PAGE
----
Rapamycin Delays But Does Not Prevent Recovery from Acute Renal Failure: Role of Acquired Tubular Resistance


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Abstract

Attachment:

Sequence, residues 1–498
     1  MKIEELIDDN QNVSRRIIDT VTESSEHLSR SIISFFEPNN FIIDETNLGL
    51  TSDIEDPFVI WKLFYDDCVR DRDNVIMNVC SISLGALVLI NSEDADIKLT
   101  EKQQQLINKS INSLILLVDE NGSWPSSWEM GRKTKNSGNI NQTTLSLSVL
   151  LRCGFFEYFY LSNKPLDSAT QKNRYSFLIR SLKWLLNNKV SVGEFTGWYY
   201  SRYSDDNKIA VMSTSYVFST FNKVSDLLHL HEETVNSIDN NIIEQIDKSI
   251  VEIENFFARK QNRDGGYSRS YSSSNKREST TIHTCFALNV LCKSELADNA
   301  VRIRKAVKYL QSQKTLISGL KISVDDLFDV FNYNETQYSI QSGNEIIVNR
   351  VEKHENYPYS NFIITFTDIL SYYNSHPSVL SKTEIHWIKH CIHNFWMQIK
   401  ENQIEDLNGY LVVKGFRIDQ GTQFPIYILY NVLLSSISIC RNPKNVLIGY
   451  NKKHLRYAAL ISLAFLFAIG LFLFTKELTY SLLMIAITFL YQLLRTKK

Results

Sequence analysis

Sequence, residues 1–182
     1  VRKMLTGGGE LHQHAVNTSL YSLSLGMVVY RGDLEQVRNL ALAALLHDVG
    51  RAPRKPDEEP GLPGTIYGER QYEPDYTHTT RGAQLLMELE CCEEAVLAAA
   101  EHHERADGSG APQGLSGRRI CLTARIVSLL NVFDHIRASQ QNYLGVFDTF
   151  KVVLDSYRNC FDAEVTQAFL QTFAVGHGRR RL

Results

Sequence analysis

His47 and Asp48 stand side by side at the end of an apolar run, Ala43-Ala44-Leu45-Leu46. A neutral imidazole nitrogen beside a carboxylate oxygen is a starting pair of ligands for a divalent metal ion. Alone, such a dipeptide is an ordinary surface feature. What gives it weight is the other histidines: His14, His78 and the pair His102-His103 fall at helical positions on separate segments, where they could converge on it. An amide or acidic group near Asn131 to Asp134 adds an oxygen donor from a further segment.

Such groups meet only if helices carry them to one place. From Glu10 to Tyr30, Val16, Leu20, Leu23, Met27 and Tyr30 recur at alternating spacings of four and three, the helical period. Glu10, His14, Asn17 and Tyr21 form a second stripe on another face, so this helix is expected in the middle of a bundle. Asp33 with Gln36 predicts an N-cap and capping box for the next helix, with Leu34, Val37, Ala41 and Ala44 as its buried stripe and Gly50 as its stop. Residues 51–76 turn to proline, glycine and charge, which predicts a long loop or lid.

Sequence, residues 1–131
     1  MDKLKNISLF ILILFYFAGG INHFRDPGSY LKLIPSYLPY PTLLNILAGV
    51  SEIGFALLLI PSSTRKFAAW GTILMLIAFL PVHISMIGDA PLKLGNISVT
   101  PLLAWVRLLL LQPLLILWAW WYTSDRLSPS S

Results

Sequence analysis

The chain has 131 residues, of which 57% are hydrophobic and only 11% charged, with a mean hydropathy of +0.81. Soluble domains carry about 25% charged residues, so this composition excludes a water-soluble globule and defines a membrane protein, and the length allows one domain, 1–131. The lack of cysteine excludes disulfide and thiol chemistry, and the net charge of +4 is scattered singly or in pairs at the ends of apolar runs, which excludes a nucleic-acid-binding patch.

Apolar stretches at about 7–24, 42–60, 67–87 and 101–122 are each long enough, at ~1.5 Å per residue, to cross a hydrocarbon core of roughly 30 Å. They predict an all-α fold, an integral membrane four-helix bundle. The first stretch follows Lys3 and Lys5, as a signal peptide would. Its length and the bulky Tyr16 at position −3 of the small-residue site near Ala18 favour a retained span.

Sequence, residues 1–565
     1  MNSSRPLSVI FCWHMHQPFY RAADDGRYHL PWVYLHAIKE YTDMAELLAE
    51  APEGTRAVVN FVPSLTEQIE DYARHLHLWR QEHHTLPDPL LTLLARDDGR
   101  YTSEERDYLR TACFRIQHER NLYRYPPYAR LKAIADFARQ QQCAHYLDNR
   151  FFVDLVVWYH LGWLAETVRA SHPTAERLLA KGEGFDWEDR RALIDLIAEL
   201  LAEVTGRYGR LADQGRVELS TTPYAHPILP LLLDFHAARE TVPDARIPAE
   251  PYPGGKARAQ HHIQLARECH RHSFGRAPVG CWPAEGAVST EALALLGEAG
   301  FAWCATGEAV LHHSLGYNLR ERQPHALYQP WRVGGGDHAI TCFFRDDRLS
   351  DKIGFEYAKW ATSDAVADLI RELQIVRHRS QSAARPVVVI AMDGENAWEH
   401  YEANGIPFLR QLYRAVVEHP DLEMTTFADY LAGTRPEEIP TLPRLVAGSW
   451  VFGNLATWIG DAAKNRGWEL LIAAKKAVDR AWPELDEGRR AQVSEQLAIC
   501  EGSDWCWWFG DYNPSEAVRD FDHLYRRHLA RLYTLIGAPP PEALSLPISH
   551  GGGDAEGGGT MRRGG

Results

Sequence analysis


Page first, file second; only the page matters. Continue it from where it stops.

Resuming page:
Background.We reported that rapamycin impairs recovery after acute renal failure (ARF) in rats. The objective of this study was to determine if recovery will eventually occur after ARF despite continued rapamycin treatment.Methods.ARF was induced in rats by renal artery occlusion. Glomerular filtration rate (GFR), morphology, and tubular cell proliferation were assessed either 2, 4, 6, or 7 days later. Rats were treated daily with rapamycin or vehicle throughout the study. Cultured mouse proximal tubular (MPT) cells were used to compare the antiproliferative effects of rapamycin after exposure for 1 and 7 days.Results.Two days after ARF, GFR was reduced severely but comparably in vehicle and rapamycin rats. In controls, GFR began to increase after day 2 and was normal by day 6. In rapamycin rats, GFR did begin to improve until after day 4 and reached normal values by day 7. In controls, many proliferating tubular cells were present in outer medulla on day 2, after which proliferation progressively decreased. By contrast, in rapamycin rats, proliferating cells were sparse on day 2, but then increased substantially through days 4 and 6. Cultured MPT cells exposed to rapamycin for 7 days were ∼10-fold more resistant to the antiproliferative effects of rapamycin than cells exposed for 1 day.Conclusions.Rapamycin delays but does not prevent renal recovery after ARF. MPT cells become resistant to rapamycin after prolonged exposure. We speculate that the ultimate recovery of renal function after ARF is due to the development of acquired tubular cell resistance to rapamycin.

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